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IBM DS8880 zHyperLink Technology Provides I/O Enhancements on the IBM z14

Lowering database transactional latency is critical to mitigate the impact of new data sources and transaction volumes on both the heritage workloads as well as this new work.

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The growth in cloud, analytics, mobile and social/secure workloads drive additional requirements on IBM Z to execute transactions with continuously improved service-level agreements (SLA) and enterprise class qualities of service. These include workloads that the most demanding of clients have come to expect (e.g., adding new data sources from the cloud for a workflow may increase elapsed times).

Mobile access to data on IBM Z may add unpredictable increases in the volume of transactions that occur, with the resulting contention affecting SLAs. It’s critical that middleware such as Db2 be able to scale to meet these demands. Lowering database transactional latency is critical to mitigate the impact of new data sources and transaction volumes on both the heritage workloads as well as the new work driven directly by the above-mentioned growth.

Lowering I/O latency for IBM Z clients can provide additional business opportunities. In the financial sector, for example, clients may make a trivial transaction such as display an account balance or transfer money. Good response time is critical to provide an excellent user experience. With lower I/O latencies it’s possible to include additional personalized offers to the clients, such as showing how refinancing their mortgage could be advantageous. Thus lower latency can grow business opportunity.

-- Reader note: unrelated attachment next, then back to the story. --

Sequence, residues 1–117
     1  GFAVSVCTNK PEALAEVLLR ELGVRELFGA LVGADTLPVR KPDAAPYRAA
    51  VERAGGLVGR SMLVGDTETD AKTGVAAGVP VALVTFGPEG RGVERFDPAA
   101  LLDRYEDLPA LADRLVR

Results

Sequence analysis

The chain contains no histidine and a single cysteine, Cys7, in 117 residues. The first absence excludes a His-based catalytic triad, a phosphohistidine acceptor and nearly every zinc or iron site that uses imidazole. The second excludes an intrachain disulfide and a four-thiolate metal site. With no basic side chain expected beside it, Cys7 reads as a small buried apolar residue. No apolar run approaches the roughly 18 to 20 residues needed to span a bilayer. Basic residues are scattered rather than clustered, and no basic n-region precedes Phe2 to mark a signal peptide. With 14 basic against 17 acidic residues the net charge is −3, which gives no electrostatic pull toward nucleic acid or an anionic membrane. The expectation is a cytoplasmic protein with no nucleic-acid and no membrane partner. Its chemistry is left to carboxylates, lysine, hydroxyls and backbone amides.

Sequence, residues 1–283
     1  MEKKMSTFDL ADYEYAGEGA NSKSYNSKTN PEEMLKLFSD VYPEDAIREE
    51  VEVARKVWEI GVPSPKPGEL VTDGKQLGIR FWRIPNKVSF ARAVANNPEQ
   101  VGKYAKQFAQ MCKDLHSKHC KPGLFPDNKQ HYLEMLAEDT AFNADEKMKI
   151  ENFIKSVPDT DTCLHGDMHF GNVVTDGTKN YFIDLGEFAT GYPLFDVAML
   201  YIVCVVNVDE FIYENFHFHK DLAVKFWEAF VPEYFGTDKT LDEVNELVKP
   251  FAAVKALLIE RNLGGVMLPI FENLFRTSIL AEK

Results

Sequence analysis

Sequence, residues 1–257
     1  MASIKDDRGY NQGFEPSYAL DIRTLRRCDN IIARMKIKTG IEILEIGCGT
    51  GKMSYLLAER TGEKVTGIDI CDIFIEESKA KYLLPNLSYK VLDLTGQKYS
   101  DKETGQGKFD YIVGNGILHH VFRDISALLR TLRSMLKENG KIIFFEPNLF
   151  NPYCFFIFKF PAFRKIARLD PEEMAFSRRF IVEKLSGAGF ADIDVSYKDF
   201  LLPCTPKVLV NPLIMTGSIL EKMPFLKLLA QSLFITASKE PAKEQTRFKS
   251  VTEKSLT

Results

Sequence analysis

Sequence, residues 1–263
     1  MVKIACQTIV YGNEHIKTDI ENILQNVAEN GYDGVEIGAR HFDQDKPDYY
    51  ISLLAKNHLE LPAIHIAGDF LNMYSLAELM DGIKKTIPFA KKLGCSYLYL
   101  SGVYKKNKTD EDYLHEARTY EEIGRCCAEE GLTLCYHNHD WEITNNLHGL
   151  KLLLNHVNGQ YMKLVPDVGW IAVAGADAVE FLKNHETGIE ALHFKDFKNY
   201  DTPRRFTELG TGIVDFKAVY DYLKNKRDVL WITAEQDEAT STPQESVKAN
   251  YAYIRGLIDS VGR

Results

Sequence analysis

Better I/O latency means a better user experience. Clients will be less likely to switch websites to make a purchase or credit cards on a checkout line because the transaction is taking too long. This means preserving a business’s reputation and client satisfaction.

Improved I/O latency means that financial transactions are less likely to use stand-in processing instead of executing the fraud detection logic. This means that the business may lose less money due to fraud.

Improving I/O latency mitigates or delays the need to re-engineering applications to improve scale as the transaction rates and business grows. Additionally, better I/O latency allows clients to save money by continued growth without adding data sharing instances, which reduces hardware cost and complexity.

Most importantly, reducing I/O latency improves system availability. With improved latency clients get more head room for growth. Unpredictable workload spikes driven by mobile applications and workloads can be handled without degrading system performance or availability. If any hardware failures occur, driving the need for recovery processes to execute (e.g., reset event recovery or storage warm start) the work queues that are built up can be worked off much more quickly.